This is a movie about a heroine whose conflict is not the weary woe-is-me moping of recent superhero movies, but a stirring call to action. The problem isn’t an obligation to do what’s right, but a struggle to get others to see the elegant simplicity of righteousness and empathy. Gadot inhabits the role’s decency and determination, anchoring the fantastical backstory in a fully realized person who has an uncomplicatedly genuine sense of goodness and virtue. Upon arriving in the world of early-20th-century London, there is easy humor as the mythological woman is a fish-out-of-water, finding a ruffled dress and corset combo a puzzle. “How do women fight in this?” she wonders. Gadot and Pine play these scenes with unforced humor that neither tries too hard, nor deflates the tension of the picture. Adding in a funny side character (his plucky secretary (Lucy Davis), one of those rare supporting players who gets a laugh with every line) makes the film’s bright touch. So, too, how lightly Diana takes the sexism of a military made up of men (like David Thewlis) who refuse to even acknowledge her presence, let alone allow her to advise. She simply doesn’t understand why they behave so cowardly. Luckily her guide sees her strength and determination and helps her to the front lines. He’s investigating a dastardly German general (Danny Huston) and a mad scientist (Elena Anaya) who’re preparing a devastating new form of mustard gas that’ll kill thousands at a time, and will surely undermine the ongoing armistice talks. This evil must be stopped and the movie becomes a winning soldiers-on-a-mission movie.

As Diana leads a small group of men behind enemy lines in search of the new weapon and its villainous makers, the movie lights up with colorful action. It’s great fun, staged for maximum impact, impressive choreography and strategic splashes of slow-mo built to showcase glowing comic book panel images that pop in the flow of frenetic frames. See her knocking back machine gun bullets with a swing of her indestructible shield, or kicking an enemy combatant through a window while she leaps after him, or using her lasso to take a pack of attackers off their feet. But it’s always driven by her obvious moral outrage. She wants to save a village torn up by German invaders. She wants to protect a group of soldiers pinned down in a trench. She wants to help her new allies end the war. This is gripping retro-pulp fantasy in a sleek style. The action progresses in a logical escalating fashion, drawn from clear conflicts, sharply delineated motivations, and a crisp sense of place and space. A hurtling momentum of crisis nonetheless takes its time to build feeling for and take pleasure in the chemistry amongst its ensemble, allowing each new development in the plot to follow inexorably from the character’s decisions, personalities, and convictions.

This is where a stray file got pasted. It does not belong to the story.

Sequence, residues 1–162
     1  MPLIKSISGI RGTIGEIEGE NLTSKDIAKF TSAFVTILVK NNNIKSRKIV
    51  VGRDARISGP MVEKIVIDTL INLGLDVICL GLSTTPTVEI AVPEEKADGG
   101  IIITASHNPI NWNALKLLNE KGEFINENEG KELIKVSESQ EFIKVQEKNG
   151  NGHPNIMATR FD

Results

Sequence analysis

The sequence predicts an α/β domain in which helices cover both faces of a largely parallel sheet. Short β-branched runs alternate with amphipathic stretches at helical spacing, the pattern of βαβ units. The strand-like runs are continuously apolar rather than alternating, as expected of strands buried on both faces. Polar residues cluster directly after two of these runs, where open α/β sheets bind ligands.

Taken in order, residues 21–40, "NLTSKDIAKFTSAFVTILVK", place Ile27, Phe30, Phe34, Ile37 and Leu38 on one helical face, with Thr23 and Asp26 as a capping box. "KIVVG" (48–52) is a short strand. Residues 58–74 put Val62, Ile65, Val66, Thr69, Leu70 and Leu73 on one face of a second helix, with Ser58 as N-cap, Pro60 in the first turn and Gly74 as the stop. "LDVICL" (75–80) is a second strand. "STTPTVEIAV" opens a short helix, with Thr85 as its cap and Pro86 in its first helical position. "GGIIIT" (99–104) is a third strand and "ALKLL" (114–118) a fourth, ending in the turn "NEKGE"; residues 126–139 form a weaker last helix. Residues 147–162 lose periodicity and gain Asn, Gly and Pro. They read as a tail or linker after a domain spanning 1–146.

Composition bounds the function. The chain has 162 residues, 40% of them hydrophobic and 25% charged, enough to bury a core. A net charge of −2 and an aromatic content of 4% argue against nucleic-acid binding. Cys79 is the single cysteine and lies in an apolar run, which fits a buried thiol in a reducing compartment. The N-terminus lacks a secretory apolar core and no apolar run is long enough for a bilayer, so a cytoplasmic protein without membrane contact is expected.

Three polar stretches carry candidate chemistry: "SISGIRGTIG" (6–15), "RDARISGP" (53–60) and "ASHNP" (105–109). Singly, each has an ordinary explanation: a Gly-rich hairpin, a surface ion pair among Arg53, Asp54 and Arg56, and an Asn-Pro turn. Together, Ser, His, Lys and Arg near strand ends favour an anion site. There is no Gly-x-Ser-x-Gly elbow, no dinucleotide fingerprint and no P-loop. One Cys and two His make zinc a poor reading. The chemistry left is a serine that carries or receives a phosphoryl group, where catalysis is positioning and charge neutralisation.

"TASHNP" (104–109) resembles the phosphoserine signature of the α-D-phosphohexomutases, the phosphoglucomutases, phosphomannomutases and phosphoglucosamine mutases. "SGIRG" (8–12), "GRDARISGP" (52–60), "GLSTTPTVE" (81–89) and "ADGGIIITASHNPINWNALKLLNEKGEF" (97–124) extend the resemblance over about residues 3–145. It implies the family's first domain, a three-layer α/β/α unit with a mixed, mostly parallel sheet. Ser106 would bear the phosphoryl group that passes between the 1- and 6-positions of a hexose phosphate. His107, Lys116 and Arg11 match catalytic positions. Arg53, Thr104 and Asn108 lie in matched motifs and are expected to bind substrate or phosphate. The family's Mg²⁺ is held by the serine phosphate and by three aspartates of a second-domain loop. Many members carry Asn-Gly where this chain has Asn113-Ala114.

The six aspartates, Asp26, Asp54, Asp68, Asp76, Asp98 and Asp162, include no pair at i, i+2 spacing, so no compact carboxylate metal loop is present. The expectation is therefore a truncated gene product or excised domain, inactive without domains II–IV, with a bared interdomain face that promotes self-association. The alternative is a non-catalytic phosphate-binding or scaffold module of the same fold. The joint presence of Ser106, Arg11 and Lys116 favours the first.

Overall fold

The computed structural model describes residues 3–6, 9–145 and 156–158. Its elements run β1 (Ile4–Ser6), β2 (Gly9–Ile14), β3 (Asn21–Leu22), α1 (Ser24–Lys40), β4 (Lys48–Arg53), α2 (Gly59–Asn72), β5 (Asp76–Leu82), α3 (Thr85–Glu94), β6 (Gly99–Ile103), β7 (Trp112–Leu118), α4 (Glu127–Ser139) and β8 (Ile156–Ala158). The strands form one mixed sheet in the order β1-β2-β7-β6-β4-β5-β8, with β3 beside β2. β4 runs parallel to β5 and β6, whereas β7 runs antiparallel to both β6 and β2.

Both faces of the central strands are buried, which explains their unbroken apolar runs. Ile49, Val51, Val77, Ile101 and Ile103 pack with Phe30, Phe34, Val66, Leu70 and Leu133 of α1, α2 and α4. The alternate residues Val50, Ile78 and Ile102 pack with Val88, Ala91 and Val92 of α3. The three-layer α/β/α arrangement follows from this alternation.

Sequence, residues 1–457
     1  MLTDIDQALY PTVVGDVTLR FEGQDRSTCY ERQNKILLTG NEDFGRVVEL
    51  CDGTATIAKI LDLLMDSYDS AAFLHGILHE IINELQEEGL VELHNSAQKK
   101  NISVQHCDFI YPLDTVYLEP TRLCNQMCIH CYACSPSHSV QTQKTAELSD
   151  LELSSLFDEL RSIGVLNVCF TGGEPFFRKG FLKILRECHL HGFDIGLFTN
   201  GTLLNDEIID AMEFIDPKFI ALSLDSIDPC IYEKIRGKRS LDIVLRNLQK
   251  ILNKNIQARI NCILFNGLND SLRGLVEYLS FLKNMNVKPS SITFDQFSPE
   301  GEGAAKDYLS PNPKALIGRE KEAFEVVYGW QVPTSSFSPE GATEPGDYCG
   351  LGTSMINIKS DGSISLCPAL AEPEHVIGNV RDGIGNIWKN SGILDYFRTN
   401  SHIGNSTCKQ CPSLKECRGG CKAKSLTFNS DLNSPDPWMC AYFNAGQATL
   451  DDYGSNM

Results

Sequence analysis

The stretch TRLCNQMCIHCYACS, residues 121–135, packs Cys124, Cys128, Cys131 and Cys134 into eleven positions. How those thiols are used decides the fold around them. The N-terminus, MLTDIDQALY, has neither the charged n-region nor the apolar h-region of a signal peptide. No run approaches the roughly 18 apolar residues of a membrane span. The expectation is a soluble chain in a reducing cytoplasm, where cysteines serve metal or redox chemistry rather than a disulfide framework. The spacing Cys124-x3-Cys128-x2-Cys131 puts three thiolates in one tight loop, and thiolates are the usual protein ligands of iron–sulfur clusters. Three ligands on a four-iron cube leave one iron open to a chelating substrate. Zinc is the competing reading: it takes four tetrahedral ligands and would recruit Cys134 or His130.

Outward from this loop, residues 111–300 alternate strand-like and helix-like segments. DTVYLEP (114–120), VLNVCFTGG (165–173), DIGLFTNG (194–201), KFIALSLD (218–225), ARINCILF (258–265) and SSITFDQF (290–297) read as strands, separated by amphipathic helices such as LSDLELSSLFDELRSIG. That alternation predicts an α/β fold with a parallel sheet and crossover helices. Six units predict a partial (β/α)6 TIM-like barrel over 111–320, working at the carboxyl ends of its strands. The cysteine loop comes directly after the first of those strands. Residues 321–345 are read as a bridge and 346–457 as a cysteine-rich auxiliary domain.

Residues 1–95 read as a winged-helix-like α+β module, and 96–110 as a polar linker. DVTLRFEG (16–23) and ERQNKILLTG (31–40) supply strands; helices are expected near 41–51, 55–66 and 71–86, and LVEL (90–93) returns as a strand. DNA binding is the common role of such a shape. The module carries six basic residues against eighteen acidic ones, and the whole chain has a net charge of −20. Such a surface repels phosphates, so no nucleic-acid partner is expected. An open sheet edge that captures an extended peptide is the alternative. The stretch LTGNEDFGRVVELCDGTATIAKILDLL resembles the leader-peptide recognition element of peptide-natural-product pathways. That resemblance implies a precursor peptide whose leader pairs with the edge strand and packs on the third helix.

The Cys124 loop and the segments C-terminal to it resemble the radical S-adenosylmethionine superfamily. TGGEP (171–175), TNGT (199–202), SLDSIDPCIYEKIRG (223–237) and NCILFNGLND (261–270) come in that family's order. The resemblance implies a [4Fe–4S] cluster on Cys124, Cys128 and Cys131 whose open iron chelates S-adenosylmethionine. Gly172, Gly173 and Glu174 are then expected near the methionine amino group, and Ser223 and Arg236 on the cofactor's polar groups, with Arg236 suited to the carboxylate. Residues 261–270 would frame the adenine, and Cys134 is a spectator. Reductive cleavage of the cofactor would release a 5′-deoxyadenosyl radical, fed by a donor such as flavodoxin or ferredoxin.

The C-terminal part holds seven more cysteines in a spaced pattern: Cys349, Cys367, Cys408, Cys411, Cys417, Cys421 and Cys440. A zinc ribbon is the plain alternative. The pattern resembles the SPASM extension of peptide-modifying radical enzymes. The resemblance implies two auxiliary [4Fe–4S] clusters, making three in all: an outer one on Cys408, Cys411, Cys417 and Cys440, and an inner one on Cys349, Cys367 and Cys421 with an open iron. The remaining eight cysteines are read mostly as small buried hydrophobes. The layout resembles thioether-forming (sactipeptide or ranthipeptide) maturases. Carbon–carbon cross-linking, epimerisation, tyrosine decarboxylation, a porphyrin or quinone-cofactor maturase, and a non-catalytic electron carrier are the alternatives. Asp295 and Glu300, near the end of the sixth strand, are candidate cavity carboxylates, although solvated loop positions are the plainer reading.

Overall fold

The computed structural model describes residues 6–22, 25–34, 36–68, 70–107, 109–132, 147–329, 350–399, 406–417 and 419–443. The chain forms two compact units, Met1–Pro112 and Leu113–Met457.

With a steady hand and a light touch, Jenkins directs a full-blooded movie here, wearing heroism sincerely and excitedly, and building full characters to care about. Inspired by over seven decades of comics, Allan Heinberg’s sturdy, clever screenplay allows for plenty of fluid visual fanfares of action, explosions in a vibrant color palate and a quick-paced serial cliffhanger adventure mode. Yet it never loses a sense of humanity, a decision as evident in its concern for the impact of every punch as it is in the lovely little character moments – sweet exchanges, prickly flirtations, charming misunderstandings. Best is how both assets work so perfectly together, like when Diana first arrives in the trenches and is told the soldiers have made no progress in months. The enemy is too heavily fortified behind a vast No Man’s Land. She shrugs off her coat to reveal her iconic battle armor, and steps out of the trench and onto the battlefield ready to fight. The movie need not speak the Homeric obvious, as she strides forward confidently wielding her shield and drawing her sword, the score swelling with the triumphant, moving, exciting anticipation of heroic acts. She is No Man.